After three kids and 25 years of marriage there’s no denying that things sometimes get a little humdrum. We get on each other’s nerves now and then. For example, I ‘tidy up' by gathering his belongings from all over the house and dumping them in the hallway as a gentle reminder that I would appreciate it if he put his stuff away. (Deep down he probably finds this endearing but that’s not what his face says when he’s sifting through piles of his chattels...)

Equally, he leaves dirty dishes all over the kitchen and can’t seem to wash up unless he spends three hours doing so with headphones in whilst watching Netflix. But we’ve learned to laugh at each other’s foibles and have (mostly) stopped trying to change one another. 

Valentine’s Day is all about adding a bit of the extraordinary to an otherwise mundane normal day. It doesn’t have to be extravagant if that’s not your style and yes, you can choose to do it any day of the year. The important thing is expressing the sentiment, not the date itself.

6. It truly is the thought that counts

I’d rather have an unexpected bunch of tulips on a random Tuesday than 50 red roses on Valentine's Day. Find what makes the object of your affection feel kept in mind and do that.

For example, I laughed out loud when I saw that Greggs is selling a box of baked treats via Uber Eats this Valentine’s Day, billing it as 'the gift that screams 'I’m a melt'' - and in my opinion, it’s a tenner well spent.

Meanwhile, Lego Malaysia sold out of a Brick Date gift box that includes a card, coasters, conversation cards, a sticker sheet, and a heart-shaped Lego lock to build together. Not quite my idea of romance but you get the drift. This Lego bouquet of roses featuring a dozen red roses and four sprigs of baby's breath is a zero-maintenance bouquet worth buying if you want to find your way to a Lego lover's heart.

Red racy knickers aren’t for me and I’m ok with that.

7. Lingerie is not the one

I got married in a size 8 wedding gown that I designed myself. I wore a boxfresh pair of Acupuncture sneaks with my frock, long before dresses and trainers were a thing. I graduated two days before our wedding and I turned 22 two days later.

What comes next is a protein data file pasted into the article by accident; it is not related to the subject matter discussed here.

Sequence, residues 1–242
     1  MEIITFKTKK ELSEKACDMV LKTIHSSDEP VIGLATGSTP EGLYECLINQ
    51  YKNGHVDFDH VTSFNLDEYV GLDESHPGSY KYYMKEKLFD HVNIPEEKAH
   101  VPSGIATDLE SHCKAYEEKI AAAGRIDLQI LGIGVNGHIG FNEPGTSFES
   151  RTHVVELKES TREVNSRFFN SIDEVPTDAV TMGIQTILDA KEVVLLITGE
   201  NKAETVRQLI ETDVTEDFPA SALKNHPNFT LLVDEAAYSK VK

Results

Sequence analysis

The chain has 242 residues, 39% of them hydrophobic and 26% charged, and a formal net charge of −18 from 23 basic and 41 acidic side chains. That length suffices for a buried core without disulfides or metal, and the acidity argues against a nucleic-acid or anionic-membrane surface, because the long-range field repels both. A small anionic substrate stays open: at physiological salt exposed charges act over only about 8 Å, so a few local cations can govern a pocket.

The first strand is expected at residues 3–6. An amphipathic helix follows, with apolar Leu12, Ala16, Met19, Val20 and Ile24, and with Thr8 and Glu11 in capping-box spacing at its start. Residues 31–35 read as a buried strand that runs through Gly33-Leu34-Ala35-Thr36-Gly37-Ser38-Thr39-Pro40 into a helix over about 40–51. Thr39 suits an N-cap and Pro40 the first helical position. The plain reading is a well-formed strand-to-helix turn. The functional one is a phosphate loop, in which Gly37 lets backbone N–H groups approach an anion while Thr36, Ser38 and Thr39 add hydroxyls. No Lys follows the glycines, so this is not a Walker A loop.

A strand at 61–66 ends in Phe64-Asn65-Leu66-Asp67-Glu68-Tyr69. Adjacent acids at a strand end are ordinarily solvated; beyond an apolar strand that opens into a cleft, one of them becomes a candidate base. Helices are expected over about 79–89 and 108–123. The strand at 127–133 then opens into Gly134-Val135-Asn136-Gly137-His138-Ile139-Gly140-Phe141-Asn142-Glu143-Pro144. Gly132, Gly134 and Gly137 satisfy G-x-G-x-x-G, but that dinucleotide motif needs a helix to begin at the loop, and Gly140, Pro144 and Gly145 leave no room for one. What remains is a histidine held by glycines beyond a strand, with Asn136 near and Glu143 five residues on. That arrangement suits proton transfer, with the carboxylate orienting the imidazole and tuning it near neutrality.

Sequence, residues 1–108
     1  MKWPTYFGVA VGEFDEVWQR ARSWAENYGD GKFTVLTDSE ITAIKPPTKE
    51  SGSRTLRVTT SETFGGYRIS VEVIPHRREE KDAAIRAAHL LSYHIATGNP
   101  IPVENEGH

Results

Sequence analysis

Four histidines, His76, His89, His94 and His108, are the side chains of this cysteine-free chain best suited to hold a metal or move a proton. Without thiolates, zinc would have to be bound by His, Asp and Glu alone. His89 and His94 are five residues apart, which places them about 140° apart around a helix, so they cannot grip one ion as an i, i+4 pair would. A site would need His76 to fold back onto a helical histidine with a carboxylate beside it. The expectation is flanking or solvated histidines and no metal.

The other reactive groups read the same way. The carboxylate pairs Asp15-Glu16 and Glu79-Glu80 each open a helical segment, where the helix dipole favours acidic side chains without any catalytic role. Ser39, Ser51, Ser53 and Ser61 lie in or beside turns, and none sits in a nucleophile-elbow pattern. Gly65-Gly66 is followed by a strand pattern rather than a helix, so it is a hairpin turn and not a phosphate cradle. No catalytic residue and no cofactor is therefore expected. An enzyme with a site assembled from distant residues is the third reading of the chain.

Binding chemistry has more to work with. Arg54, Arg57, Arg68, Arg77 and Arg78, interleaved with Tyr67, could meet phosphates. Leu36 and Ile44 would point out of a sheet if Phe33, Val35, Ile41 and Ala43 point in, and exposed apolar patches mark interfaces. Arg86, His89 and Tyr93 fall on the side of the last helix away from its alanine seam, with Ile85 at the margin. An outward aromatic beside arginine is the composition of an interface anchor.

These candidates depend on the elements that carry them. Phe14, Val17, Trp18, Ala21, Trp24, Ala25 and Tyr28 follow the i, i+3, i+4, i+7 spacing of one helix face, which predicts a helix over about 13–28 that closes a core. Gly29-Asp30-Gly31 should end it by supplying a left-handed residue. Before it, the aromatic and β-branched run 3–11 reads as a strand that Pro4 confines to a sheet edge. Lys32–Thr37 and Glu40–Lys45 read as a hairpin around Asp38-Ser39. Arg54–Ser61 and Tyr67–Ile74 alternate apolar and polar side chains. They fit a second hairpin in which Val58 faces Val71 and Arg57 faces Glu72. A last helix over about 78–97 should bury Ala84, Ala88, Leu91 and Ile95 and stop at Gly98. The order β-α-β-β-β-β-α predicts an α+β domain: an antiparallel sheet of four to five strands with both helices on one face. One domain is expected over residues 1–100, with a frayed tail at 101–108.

Now, I’m two years away from turning 50 and I'm a size 16 (on a good day) with stretch marks that I’m trying to learn to love. My body has birthed and breastfed three humans, and it shows. I'm tired all the time due to hypothyroidism. Red racy knickers aren’t for me and I’m ok with that. One of the most romantic gifts my husband ever gave me was a pair of running trainers. Not a hint, thankfully. Just a thoughtful gesture after I mentioned wanting to get back to running again.

8. Love means always having to say you’re sorry

I don’t know where the notion came from that the opposite is true. It’s wrong. Get good - really good - at saying sorry if you want love to last. 

9. Flowers are also sold outside of February

Sending a Valentine's flower delivery is lovely and anyone who says otherwise clearly hasn’t known the exquisite joy of carrying an enormous bouquet home on the Tube, pretending to be embarrassed. The time my husband sent flowers to my office stands out as a core memory that I’ll always treasure. Top marks. 

But you know when it’s even lovelier? Finding a vase of Co-op tulips on the kitchen table because I happened to mention how happy they make me. 

10. Try new things

I know where you thought this was going but let's just say that the only toys I've got time for these days are the ones on my Christmas shopping list after my kids have written their letters to Santa.

But whatever 'new things' mean to you, be that in the bedroom or the kitchen, my advice is to keep discovering the world, and each other, together. See? Long-term love can be sexy AF. And keeping the spark alive doesn't have to be a big deal. Just embrace the new. I'm loving the Valentine basket trend on TikTok right now, for example, and since my husband gets neglected at Christmas when it's all about the kids, I plan on jumping on this viral bandwagon and making him a little love-themed gift basket this year, full of his favourite things. 

Continue reading

Heidi Scrimgeour
Deputy Editor

As a parenting specialist for more than 15 years, Heidi has written for most national newspapers and for a wide range of consumer magazines, including Mother & Baby where she was the Shopping Editor for six years, looking after regular consumer features including buying guides and gift roundups.